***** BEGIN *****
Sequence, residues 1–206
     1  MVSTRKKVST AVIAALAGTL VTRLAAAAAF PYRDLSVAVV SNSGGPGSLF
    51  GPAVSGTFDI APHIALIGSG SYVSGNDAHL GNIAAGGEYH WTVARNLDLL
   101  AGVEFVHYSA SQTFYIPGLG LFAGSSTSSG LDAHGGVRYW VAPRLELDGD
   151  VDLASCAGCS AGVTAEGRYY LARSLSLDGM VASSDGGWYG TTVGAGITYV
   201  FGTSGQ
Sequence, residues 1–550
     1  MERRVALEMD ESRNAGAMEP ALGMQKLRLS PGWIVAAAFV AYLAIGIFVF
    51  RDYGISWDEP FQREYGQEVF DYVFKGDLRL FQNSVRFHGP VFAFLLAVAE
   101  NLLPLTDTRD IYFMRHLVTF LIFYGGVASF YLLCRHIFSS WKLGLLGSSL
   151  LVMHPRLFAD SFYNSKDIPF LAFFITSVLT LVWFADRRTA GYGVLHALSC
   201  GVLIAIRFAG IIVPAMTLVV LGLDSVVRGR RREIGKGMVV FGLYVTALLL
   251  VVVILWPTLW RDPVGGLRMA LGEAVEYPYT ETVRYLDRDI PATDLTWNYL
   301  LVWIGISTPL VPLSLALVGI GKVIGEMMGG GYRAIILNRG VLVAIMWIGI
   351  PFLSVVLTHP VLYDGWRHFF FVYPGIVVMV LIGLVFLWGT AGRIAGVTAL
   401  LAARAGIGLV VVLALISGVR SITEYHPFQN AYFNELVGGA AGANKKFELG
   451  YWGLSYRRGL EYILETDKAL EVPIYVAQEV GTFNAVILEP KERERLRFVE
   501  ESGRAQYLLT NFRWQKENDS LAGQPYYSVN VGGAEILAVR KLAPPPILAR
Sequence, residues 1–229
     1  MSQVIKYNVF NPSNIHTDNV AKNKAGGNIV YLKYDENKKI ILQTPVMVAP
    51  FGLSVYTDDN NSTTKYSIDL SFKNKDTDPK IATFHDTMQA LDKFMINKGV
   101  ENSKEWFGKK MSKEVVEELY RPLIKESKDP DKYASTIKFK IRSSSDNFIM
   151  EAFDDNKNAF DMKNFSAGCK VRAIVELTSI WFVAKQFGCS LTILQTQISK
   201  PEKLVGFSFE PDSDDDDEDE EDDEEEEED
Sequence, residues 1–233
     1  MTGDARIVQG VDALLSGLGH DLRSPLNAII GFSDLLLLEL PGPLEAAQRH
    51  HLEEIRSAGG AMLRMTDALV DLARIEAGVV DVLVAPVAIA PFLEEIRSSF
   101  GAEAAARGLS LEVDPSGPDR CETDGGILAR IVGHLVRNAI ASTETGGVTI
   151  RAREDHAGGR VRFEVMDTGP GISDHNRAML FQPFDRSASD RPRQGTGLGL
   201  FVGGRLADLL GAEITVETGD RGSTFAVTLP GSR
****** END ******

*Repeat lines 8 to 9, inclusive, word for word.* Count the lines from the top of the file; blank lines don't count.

     1  MERRVALEMD ESRNAGAMEP ALGMQKLRLS PGWIVAAAFV AYLAIGIFVF
    51  RDYGISWDEP FQREYGQEVF DYVFKGDLRL FQNSVRFHGP VFAFLLAVAE